Eve AKA Eva AKA The Devil's Woman (Blu-ray) [Blu-ray]
Blu-ray B - United Kingdom - Powerhouse Films
Review written by and copyright: Rick Curzon (1st October 2020).
The Film

Jeanne Moreau (Jules et Jim) and Stanley Baker (Yesterday’s Enemy) star as two lovers caught in a deadly affair in Joseph Losey’s 1962 adaptation of the James Hadley Chase novel.

A highly personal project for Losey, Eve was blighted by producer interference, and was heavily cut for its general release under the title Eva.

Powerhouse Films is delighted to present the longest known version of the film for the very first time on home video in this definitive, world premiere Blu-ray edition.

Video

Arthouse drama based on James Hadley Chase's 1945 book, from UK-based American director Joseph Losey fresh off making Hammer's The Damned (1961) which had been troubled. Eve would be as well with multiple cuts appearing after Losey's lost 155 minute cut. Messed about by his producers, Losey was forced to reduce the film and it appeared in several shorter edits down the years.

It's not an easy film to like being lead by two rather unsympathetic leads; a troubled Welsh writer (Stanley Baker) and a (seemingly) money seeking French woman (Jeanne Moreau). It is however, beautifully shot in crisp monochrome and looks a peach on Powerhouse Film's new Blu-ray edition which restores the film to something closer to Losey's preferred version. We have four variants here ranging from 127 minutes down to 108.

The Eye Restorations - 1.85:1 (126:01, 126:32)

First off, I could detect No colour bias at all; just pristine black and white and looking glorious. Black levels are deep and rich throughout all variants with no unintended crush to be seen. Contrast is generally very supportive but early on in the longer 1.85:1 versions Baker's white tux did feel like it was a little blown out. I suspect that the different sources may account for some of the imperfections. This is a grainy film and the transfers uphold this look. The encode is superb and allows it all to breath in a very organically film like presentation; I didn't notice much print damage but the odd speck and blip was present. There's no signs of any digital manipulation but be aware that there are a couple of sequences where Scandinavian subtitles are permanently burnt in.

The Studio Canal Masters - 1.66:1 (109:11, 108:10)

More or less the same as the above albeit without the Scandinavian subtitled sequences. The image seemed a trifle less robust overall with the odd density issue. Not much more to add.

1080/24p / MPEG-4 AVC / 1.85:1, 1.66:1 / 126:01, 126:32, 109:11, 108:10

Audio

English DTS-HD Master Audio 1.0
Subtitles: English HoH

Audio is surprisingly sound with plenty of clear dialogue delineation and no distortions although by the standards of some other more robust mono tracks it is a slight tinny. Base is present but won't challenge anyone's subwoofer but gets the job done. Michel Legrand's score is well served with no issues to report.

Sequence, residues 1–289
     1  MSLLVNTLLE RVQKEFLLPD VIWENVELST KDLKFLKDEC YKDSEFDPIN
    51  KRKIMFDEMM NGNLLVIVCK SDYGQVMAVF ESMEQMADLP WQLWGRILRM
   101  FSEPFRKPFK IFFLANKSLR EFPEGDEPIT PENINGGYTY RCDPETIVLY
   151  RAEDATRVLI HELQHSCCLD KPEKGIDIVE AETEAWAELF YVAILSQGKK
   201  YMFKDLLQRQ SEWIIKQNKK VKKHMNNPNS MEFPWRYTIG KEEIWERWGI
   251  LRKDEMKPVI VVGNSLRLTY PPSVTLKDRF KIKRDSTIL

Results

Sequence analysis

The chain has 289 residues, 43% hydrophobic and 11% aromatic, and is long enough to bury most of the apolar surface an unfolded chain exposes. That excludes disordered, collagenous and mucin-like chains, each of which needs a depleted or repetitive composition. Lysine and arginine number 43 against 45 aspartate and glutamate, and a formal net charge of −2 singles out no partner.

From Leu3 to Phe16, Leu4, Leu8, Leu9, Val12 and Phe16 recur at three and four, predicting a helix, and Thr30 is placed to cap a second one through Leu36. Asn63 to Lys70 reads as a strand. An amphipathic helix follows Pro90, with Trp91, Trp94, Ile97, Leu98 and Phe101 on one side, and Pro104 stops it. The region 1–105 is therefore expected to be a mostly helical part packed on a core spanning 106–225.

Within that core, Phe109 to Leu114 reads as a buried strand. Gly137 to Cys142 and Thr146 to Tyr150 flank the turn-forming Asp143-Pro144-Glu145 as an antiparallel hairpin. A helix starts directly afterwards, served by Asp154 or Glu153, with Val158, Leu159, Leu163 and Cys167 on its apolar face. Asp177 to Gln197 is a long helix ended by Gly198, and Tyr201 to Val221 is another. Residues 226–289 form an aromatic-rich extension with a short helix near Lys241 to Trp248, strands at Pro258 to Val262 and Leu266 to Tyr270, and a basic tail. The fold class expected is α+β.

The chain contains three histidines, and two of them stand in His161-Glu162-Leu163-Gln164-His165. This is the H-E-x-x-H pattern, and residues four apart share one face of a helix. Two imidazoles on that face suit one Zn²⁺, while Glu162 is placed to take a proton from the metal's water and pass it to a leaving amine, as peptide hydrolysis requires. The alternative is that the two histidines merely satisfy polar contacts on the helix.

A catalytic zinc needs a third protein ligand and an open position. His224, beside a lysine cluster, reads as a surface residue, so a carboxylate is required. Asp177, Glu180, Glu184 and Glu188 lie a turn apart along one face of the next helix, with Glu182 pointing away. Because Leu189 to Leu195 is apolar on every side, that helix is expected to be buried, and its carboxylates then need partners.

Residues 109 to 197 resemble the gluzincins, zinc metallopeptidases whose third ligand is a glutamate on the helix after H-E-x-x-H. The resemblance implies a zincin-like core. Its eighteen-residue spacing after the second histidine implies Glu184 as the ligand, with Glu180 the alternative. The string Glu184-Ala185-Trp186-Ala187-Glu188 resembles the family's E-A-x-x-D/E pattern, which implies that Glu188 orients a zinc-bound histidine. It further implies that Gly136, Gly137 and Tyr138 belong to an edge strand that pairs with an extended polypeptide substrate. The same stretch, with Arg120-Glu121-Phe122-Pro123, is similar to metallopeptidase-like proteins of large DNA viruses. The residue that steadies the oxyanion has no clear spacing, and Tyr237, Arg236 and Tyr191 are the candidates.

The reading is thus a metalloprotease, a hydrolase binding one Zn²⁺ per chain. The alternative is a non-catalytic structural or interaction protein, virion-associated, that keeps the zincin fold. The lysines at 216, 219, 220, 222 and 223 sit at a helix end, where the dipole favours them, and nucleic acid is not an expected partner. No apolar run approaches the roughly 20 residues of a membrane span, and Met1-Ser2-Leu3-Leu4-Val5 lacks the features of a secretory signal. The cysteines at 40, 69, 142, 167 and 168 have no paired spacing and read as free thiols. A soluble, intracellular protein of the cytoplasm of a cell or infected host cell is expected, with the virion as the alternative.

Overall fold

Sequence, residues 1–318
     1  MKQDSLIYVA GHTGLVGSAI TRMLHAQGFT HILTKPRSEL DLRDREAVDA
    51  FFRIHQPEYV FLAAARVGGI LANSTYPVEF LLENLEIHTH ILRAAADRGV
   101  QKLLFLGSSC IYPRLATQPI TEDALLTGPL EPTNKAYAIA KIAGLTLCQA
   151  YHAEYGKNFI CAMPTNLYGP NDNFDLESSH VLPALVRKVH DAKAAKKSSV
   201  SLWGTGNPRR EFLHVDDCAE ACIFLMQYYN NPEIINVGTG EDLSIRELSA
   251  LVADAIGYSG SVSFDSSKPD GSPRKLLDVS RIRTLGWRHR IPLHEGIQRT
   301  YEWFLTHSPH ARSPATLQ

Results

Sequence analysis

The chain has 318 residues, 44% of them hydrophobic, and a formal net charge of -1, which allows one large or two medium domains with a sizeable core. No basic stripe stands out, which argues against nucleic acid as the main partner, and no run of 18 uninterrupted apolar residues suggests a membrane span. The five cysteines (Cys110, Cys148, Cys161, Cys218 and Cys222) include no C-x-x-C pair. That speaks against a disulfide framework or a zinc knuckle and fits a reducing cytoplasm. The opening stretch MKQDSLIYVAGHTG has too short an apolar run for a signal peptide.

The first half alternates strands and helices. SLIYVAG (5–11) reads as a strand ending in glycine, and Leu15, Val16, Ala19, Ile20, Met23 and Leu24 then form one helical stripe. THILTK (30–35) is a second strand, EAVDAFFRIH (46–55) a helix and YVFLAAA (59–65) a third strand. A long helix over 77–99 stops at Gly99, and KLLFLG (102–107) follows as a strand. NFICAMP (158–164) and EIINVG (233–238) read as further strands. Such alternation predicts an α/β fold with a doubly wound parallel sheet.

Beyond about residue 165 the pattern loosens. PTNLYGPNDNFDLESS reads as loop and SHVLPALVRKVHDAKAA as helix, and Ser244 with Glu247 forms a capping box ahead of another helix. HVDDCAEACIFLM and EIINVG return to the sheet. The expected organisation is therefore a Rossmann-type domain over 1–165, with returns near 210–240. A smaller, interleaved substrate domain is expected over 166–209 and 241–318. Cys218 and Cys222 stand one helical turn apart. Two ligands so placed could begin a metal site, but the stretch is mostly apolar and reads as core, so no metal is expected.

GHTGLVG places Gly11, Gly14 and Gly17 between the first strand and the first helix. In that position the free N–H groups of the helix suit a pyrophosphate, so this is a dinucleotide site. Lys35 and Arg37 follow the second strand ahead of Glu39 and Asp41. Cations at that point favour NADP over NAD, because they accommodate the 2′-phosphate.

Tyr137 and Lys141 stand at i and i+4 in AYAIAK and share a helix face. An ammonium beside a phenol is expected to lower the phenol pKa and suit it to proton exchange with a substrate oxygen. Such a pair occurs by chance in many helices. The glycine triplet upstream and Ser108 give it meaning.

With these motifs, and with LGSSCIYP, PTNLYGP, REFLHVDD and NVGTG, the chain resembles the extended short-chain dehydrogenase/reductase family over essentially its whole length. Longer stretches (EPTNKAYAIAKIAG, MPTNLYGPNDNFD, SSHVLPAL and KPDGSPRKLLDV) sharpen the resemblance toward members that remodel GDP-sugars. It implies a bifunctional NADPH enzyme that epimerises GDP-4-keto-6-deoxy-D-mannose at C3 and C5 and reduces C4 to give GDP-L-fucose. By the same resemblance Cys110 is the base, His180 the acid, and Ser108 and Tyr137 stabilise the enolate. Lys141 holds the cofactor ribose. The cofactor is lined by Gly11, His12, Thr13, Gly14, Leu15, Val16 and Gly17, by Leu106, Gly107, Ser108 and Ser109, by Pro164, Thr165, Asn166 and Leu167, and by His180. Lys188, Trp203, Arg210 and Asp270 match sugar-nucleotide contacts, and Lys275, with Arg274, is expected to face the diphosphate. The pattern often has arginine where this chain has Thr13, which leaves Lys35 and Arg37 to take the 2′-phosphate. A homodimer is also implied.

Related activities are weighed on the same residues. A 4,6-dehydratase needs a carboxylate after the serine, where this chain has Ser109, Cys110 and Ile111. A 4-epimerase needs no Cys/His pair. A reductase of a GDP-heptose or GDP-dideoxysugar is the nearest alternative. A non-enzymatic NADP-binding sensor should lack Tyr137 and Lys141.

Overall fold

Subtitles for the hearing impaired are present and extremely full.

Extras

"The British Entertainment History Project (BEHP) Interview with Reginald Beck: Conducted by Alan Lawson and Winston Ryder on 22 July 1987" plays as an alternate audio track over the Eye restoration (124:31)

Another exceptional, vintage recording that has Beck covering his career with plenty of focus on Losey. If you've heard any if these before you know it's a valuable additional and riveting listen.

"A Creation Myth: Neil Sinyard on Eve" 2020 featurette (23:31)
"All About Eve: Gavrik Losey on Eve" 2020 featurette (18:57)


Two new featurettes, both offering plenty of contextual value, both very specifically about Eve; especially Losey's view that his dad's film was "A very strange picture" he feels was tied up in his parent's complex relationship.

The Sinyard chat concentrates on how the film has been cut about over the years calling it a "mutilated masterpiece" and sets it alongside other films of a similar, tortuous road to the cinema screen as Greed (1924), The Magnificent Ambersons (1942), The Red Badge of Courage (1950) and (a favourite of mine) The Private Life of Sherlock Holmes (1970). Sinyard is always an intelligent commentator and worth a listen.

"The Many Faces of Eve" 2020 featurette (15:45)

Exceptional new featurette that discusses the different versions and restoration.

"Other Places: An Interview with Joseph Losey" 2020 featurette using material originally broadcast 26 January 1967 (French voiceover with optional English subtitles) (8:33)
"Appetite for Destruction: Jeanne Moreau on Eve" 2020 featurette using material originally broadcast 30 January 1972 (French with optional English subtitles) (4:44)


Two fascinating archival pieces made for French TV. The Losey interview has a French voiceover.

UK Theatrical Trailer (3:32)
French Theatrical Trailer (3:32)


Standard promo pieces.

Eve Image Gallery: Original Promotional Material (37 images)

Solid HD still gallery.

36-page liner notes booklet by Phuong Le, Joseph Losey on Eve, a look at the James Hadley Chase source novel, an overview of contemporary critical responses, Simona Monizza on the EYE Filmmuseum restoration of Eve, and film credits

Yet another exceptionally engrossing and contextually useful booklet; lots of added value here.

Packaging

Standard, clear Blu-ray case.

Overall

Another valuable restoration presented by Powerhouse Films of a film that has been largely very hard to see with only a long out of print US DVD being how many (including myself) first made Eve's acquaintance. Not an easy film, but a valuable one. Lots of great, detailed extras

The Film: A- Video: A Audio: B+ Extras: A+ Overall: A+

 


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